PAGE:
Santa Maria Liberatrice al Foro Romano was a 17th century Baroque convent church that was built on top of the Palaeochristian church of Santa Maria Antiqua in the Roman Forum. This is in the rione Campitelli.
The dedication was to the Blessed Virgin Mary, under her title of Our Lady, Liberator from the Pains of Hell.
Santa Maria Antiqua had been ruined by a major earthquake in 847, the same earthquake that possibly caused the ruination of the Forum in general. A new church, known as Santa Maria Nova (now Santa Francesca Romana) was built near the Arch of Titus as a replacement.
The old church is thought to have been completely buried in 1084, when nearby buildings collapsed during the fire started by the Normans who sacked Rome that year. However, this is a surmise and archaeological evidence is wanting.
In the thirteenth century a new church was built on top of the ruin, in the same way that the present basilica of San Clemente is on top of the original one. However, the two churches were not on the same alignment which indicates that the ground level of the Forum had already risen to hide the ruins of the old church by then.
By this time a curious legend had grown up, which involved Pope Sylvester I (314-35) chaining up a dragon which had been living in the Forum and terrorizing the city. So, the locality was called “Liberatrice” (the Liberation from the dragon), and the church was initially called Santa Maria Libera nos a Poenis Inferni, or "St Mary Free us from the Pains of Hell", which became Santa Maria Liberatrice or "St Mary Liberator". (It was also called San Silvestro in Lago in the 16th century, but this was an invention.)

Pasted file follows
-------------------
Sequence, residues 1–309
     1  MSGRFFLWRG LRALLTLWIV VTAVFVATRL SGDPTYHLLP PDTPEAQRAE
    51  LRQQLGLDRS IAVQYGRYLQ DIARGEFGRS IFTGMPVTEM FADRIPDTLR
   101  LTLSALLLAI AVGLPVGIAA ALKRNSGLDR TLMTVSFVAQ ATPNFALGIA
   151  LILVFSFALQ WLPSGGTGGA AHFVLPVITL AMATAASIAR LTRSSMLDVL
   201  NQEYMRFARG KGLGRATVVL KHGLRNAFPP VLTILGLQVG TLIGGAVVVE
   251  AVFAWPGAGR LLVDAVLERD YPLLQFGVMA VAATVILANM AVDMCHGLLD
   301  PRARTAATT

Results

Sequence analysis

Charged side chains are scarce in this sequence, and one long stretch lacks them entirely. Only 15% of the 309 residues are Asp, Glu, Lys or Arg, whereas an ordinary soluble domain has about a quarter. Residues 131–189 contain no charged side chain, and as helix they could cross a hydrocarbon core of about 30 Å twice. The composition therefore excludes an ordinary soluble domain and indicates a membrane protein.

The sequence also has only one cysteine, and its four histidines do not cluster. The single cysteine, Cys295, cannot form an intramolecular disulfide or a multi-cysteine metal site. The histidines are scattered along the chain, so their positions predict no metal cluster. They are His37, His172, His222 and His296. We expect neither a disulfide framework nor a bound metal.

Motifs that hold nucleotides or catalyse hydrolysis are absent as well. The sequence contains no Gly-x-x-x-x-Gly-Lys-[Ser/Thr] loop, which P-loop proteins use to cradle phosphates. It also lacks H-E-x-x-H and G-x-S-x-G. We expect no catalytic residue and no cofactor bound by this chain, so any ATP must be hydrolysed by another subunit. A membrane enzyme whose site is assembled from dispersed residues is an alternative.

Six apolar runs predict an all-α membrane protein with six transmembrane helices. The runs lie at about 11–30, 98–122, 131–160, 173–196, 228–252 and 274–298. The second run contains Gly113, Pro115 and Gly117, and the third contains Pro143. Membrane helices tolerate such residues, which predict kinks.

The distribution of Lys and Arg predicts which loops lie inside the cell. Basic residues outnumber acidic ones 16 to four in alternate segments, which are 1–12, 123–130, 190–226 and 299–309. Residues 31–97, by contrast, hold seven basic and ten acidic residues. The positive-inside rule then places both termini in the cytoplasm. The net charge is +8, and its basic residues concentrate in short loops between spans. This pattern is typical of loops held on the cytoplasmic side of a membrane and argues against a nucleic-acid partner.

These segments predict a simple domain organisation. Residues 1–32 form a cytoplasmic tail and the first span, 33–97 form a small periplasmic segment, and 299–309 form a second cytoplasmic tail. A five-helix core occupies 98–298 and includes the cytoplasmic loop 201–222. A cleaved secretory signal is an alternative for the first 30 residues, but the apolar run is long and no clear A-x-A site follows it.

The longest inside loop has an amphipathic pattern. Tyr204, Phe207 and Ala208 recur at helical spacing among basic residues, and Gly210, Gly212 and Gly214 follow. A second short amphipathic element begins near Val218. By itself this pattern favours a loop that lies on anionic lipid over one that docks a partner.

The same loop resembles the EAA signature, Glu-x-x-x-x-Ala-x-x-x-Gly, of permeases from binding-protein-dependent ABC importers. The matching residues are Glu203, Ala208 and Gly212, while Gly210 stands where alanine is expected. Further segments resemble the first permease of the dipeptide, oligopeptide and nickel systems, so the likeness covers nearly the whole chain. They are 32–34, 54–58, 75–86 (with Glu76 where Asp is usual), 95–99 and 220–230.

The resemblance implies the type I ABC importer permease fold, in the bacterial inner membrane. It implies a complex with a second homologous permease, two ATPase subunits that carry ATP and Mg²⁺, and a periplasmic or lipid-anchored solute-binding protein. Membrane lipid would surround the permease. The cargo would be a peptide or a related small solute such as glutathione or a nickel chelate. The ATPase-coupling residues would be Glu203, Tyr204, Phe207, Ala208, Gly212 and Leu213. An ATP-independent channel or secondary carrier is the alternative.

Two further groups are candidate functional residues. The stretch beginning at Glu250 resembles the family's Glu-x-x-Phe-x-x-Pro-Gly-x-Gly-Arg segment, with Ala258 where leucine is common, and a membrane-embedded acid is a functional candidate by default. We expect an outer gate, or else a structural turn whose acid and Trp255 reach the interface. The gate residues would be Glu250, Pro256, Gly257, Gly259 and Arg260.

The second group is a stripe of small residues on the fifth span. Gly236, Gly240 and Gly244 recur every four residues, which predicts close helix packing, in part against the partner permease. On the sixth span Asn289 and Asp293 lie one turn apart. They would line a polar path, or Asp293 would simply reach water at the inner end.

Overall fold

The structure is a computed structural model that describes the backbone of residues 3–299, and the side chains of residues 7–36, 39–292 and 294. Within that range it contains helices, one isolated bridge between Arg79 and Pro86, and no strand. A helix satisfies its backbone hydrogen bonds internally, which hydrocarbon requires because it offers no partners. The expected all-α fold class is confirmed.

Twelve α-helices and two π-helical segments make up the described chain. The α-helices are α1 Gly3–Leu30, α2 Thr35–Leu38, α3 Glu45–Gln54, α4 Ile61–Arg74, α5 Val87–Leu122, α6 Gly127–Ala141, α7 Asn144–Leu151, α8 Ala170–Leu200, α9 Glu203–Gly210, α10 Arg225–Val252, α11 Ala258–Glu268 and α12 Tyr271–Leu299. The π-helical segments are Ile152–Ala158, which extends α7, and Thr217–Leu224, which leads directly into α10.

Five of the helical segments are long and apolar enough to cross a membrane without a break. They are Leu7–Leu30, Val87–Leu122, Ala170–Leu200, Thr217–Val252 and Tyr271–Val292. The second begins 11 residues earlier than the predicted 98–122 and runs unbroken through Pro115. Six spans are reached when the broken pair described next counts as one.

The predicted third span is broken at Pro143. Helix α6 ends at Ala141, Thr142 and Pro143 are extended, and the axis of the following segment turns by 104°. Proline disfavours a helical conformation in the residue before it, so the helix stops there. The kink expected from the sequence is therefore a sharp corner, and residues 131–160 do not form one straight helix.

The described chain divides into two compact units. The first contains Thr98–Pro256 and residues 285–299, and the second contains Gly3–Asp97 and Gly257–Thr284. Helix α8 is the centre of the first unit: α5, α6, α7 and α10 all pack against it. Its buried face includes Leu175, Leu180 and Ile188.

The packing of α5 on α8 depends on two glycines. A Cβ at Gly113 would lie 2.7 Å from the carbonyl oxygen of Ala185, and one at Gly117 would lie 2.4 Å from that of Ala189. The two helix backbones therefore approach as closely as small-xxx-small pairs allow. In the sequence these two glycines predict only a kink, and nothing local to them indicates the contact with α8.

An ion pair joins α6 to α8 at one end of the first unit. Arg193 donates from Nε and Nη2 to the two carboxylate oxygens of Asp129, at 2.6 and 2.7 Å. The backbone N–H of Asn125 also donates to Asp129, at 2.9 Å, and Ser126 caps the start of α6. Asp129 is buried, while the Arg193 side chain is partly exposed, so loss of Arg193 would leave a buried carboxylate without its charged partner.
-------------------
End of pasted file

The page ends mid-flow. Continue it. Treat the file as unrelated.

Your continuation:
In about 1300 a convent was established here by Mother Santuccia Terrebotti, who had founded a reformed congregation of Benedictine nuns located at what later became Sant'Anna dei Falegnami. The nuns remained until 1550, when they moved to join their sisters at the mother house. This was probably owing to the difficulties experienced after the Sack of Rome in 1527.
After the departure of these nuns, the complex was taken over by the Olivetan Benedictine oblate nuns at Santa Maria Annunziata a Tor de’Specchi as a small daughter convent. This was appropriate, since the nearby Santa Francesca Romana was a major monastery of Olivetan monks. They remained in possession until the end.
The church was restored and mostly rebuilt in the Baroque style to a design by Onorio Longhi the Elder in 1617. He was also responsible for San Carlo al Corso, and at Santa Maria Liberatrice was inspired to create a scaled-down version of the great façade of the Gesù by Giacomo della Porta.
In 1749 the interior was beautified with stucco decorations by Francesco Ferrari, who also commissioned neo-Classical paintings by Sebastiano Ceccarini and Lorenzo Gramiccia.
This important building survived until 1900, as the ancient ruins of the Forum were uncovered around it. Owing to an ideological and nationalistic interest in ancient Rome on the part of both the Italian government and the archaeological establishments, rather than as a result of any archaeological need, the church was ordered to be demolished in that year. This took two years, as the edifice proved so well constructed that high explosive had to be used by the “archaeologist” Giacomo Boni. No proper survey was done before or during the work, and it is on record that early mediaeval frescoes were discarded in the rubble.